Your newspaper’s front page typically tells you the biggest news from a day earlier. Today in China, all the front pages have just one story to tell: The all-powerful leader Xi Jinping was again elected general secretary of the Chinese Communist Party.
No surprise there: His re-election, coming at the end of the 19th National Congress, a weeklong leadership-reshuffle event held every five years, was par for course. What’s really news is that none of the five new members of the Politburo Standing Committee, the nations’ top decision-making body, are young enough to serve as China’s next leader.
Xi announced yesterday the seven names of the members, and he’s believed to have had the biggest say over who was chosen. He could have ensured that at least one was below the age of 60—hinting at his possible successor—but, significantly, he decided not to. All the members will be at least 68, the traditional age by which to retire, by 2027, the end of the next five-year term. That fueled more speculation that Xi might break with convention by remaining party chief beyond 2022, when his second term ends. The nation’s constitution bars him from a third term as president, but party chief is the more powerful role.
Of course, China’s state-controlled newspapers won’t flesh out that point to their readers. Indeed no matter which Chinese front page you read, the content is exactly the same. And for the most part, it’s also displayed in the same format:
Among the papers are the People’s Daily (the Communist Party’s top mouthpiece), the People’s Liberation Daily (the official paper of China’s military), and the Beijing Daily (the official paper of the Beijing government). All of their front pages have huge red headlines in the far left column about Xi’s election as party chief, along with a portrait of Xi in the middle, a list of the people in the broader new leadership team in the right column, and a photo of the seven committee members standing side-by-side at the bottom. Most of the papers filled the space next to their mastheads with the news that US president Donald Trump called Xi to congratulate him on his re-election.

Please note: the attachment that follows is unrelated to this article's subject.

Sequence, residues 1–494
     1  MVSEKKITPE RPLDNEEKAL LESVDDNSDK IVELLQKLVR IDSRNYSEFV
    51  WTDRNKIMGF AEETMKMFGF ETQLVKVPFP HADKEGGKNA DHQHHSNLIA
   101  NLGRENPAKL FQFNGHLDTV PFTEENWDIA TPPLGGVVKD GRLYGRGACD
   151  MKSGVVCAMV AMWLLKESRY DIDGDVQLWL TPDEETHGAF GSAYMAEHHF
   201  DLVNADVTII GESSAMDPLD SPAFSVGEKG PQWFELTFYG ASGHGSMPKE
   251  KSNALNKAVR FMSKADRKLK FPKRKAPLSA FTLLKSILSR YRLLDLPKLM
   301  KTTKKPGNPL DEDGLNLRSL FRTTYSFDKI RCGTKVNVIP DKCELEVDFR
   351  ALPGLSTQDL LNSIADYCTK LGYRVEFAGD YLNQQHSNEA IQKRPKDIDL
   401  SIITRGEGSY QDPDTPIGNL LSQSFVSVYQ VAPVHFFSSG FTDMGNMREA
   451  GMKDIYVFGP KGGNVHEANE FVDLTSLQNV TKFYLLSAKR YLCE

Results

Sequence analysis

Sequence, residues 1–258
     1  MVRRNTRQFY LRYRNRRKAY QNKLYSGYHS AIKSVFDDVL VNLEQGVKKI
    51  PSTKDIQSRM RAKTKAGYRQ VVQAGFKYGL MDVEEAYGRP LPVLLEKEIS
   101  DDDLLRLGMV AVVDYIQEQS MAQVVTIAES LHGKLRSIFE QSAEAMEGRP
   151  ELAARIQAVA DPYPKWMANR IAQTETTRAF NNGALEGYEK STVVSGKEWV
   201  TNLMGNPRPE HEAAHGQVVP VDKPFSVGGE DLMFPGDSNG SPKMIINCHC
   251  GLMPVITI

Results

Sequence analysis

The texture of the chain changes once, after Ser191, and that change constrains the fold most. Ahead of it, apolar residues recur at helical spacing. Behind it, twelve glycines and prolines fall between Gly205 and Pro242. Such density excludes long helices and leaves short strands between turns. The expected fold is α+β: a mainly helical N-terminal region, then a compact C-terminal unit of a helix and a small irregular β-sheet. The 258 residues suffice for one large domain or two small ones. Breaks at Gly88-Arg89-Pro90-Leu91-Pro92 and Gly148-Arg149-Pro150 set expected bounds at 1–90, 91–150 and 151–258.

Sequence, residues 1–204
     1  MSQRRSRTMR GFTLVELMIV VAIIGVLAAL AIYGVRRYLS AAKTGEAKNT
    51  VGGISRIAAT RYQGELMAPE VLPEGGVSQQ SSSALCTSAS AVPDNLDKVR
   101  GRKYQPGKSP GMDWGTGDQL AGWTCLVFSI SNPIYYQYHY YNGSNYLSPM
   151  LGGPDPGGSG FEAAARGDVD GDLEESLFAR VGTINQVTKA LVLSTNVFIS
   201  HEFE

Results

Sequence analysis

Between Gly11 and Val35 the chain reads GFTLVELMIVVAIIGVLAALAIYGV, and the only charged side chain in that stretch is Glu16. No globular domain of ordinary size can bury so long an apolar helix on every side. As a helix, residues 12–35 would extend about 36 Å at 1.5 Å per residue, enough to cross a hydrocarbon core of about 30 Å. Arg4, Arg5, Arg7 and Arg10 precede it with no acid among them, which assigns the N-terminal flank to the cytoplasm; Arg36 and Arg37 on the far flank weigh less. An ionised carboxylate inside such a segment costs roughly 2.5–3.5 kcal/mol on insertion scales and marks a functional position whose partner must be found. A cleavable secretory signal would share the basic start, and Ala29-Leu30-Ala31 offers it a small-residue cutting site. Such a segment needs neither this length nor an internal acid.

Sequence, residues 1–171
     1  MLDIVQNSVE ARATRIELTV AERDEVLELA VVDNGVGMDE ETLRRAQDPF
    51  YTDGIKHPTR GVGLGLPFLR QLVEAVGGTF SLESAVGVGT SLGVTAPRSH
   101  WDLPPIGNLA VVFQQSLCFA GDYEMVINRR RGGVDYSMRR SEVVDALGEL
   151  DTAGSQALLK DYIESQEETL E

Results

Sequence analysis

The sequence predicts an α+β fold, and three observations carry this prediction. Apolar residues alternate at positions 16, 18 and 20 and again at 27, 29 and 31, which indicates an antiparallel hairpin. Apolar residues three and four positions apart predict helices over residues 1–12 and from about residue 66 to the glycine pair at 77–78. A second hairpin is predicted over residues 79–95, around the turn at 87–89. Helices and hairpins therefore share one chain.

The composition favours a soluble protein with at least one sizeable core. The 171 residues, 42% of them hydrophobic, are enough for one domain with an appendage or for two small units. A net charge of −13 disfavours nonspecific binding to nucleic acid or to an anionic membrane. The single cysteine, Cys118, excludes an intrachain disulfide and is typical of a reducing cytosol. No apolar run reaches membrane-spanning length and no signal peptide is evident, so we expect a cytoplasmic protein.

All Chinese media are essentially owned by the state under an umbrella structure. The “dailies” are considered top- and second-tier publications as they are run by the state and local governments. The third tier are the less politics-focused papers, often with “Metropolis Daily” in the name, that are spinoffs of local government-controlled media groups. Some of those metro papers opted for different formats and pictures on their front pages, but the main articles about the unveiling of China’s new leadership are still the same, provided by the official state newswire Xinhua.
For longtime China watchers, the more surprising element is the contrast between the front pages today and those in 2007 after the party’s last “midterm” elections (the congress between the first and second terms of the current general secretary). Ten years ago, when then-president Hu Jintao was re-elected party chief, the People’s Daily front page featured headshots, of nearly equal size, of Hu and his eight colleagues, among them Xi, who was then vice president. By contrast, today’s front pages show one headshot only—a big one, of Xi.
At the leadership conclave, Xi also enshrined his name and doctrine into the party’s constitution—an honor only one other Chinese leader, the nation’s founding father Mao Zedong, enjoyed while still in power. His Mao-like status is also reflected by China’s front pages: